OnlyKey Thoughts

I’ve been using OnlyKey for nearly two years, starting with the “first” generation model (no RGB led, shown in photo) and currently with two “second” generation models (RGB led).

Both models have been used heavily on a daily basis. One model by a non-technical user configured as a simple gate to LastPass.


Instead of remembering a password or passphrase, you just need a pin code or remember a pattern. This allows you to extend the idea of password managers to a physical key, which can further increase the security of your password manager.

Works as a USB keyboard. I like this feature as it lets me enter passwords quickly in situations that would otherwise require a work-around (nested RDP sessions as an example).

Multiple two-factor options supported. I use OTP and U2F daily without issue.

Durability. One of the concerns I had is the pads tarnishing. This would indicate which pads were used in a pin sequence, greatly reducing the amount of guesses needed for brute-forcing a pin. Fortunately this has not proved to be a problem even after hundreds or thousands of button presses over the past few years. The backside of the hardware key is wearing to show some copper underneath the resin board, however this hasn’t caused any problems.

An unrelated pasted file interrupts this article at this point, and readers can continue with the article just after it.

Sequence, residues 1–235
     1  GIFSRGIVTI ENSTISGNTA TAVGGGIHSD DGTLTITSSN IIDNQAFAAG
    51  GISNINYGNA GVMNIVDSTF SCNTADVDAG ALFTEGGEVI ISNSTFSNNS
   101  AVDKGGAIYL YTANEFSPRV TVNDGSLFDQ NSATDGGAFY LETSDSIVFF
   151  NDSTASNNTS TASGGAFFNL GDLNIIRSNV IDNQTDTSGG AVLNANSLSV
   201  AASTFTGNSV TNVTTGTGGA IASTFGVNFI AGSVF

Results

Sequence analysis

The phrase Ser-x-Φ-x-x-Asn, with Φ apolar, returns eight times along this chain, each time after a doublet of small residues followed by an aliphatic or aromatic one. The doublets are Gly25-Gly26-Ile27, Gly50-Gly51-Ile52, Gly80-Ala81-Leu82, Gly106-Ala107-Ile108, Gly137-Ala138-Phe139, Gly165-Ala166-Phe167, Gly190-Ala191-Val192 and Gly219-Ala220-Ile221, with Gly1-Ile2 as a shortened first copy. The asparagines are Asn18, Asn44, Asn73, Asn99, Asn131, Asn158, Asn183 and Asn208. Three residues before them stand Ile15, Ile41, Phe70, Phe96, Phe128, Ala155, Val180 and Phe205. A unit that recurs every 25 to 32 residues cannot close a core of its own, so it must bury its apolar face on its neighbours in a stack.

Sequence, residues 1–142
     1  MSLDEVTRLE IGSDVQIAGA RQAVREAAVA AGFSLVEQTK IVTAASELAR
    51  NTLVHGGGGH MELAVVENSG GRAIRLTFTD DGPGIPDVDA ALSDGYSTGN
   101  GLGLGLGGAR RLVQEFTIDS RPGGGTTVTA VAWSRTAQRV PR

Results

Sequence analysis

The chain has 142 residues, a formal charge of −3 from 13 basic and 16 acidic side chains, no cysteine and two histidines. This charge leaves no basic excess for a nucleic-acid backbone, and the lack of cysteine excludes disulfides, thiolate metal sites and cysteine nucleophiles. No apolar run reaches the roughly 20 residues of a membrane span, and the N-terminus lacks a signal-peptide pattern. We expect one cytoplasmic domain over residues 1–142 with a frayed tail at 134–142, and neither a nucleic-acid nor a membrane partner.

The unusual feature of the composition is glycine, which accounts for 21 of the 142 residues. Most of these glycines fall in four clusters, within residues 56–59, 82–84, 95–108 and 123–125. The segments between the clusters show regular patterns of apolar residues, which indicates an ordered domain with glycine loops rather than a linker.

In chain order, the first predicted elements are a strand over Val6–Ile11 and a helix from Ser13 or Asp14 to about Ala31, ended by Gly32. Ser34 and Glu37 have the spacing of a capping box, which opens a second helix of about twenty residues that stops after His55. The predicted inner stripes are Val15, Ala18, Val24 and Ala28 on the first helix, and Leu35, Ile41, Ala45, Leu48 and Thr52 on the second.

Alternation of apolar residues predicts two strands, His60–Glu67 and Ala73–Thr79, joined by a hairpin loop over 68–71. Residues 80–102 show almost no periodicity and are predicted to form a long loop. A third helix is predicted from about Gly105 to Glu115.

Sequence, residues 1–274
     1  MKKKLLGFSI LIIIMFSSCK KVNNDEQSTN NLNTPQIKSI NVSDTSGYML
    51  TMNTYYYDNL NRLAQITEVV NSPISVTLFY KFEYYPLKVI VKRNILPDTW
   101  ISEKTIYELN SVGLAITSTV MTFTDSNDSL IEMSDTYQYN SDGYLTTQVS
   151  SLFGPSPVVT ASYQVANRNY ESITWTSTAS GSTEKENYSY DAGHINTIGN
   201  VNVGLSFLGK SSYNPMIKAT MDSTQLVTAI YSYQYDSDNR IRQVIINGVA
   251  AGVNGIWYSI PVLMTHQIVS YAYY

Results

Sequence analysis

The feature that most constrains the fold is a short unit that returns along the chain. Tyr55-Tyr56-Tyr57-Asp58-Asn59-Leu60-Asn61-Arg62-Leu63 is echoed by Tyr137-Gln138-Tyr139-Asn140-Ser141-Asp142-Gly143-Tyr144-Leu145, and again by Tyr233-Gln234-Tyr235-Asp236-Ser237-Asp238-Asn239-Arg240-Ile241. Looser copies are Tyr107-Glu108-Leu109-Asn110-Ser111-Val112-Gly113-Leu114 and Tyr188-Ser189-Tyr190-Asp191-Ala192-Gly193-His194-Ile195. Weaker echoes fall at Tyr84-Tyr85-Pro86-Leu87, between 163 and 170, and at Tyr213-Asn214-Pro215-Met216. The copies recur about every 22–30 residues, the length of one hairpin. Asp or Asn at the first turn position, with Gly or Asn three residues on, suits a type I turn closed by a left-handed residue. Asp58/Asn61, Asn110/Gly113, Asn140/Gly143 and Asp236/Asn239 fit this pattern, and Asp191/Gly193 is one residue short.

Support. The developer has been continually improving the device and software since I’ve been using it. Software development is slow, but this has been put together by a very small team and I’m betting this isn’t their full-time job.


Speaking of brute-forcing a pin; one of the downsides to the device–that I’m not sure can be overcome without non-volatile memory on the device–is that the lockout feature/protection is useless. You can reset the tries indefinitely by removing the device from the USB slot and re-inserting, which effectively resets the amount of tries. Time consuming, but a weakness nevertheless.

Configuration is difficult, especially for non-technical users. This has gotten better as the software (Chrome App) is improved. Recent changes include firmware updates from the application instead of requiring command-line knowledge.

Configuration more or less requires Google Chrome. This might dissuade some users who are dead set on using other browsers such as Firefox.

OTP functionality requires the OnlyKey Chrome App be on with some exceptions (such as once it’s set, you don’t have to do it again as long as the hardware remains plugged into a powered-on system). Until the hardware includes an on-board clock with memory this will always be a requirement.


I highly recommend these devices for technical users. I’d get two and keep a backup within short driving distance if using for work-related or otherwise critical duties.

I’d recommend these for non-technical users in conjunction with a password manager such as Lastpass. Once you have them setup with a pin and they understand the simple repeatable workflow, they should be set.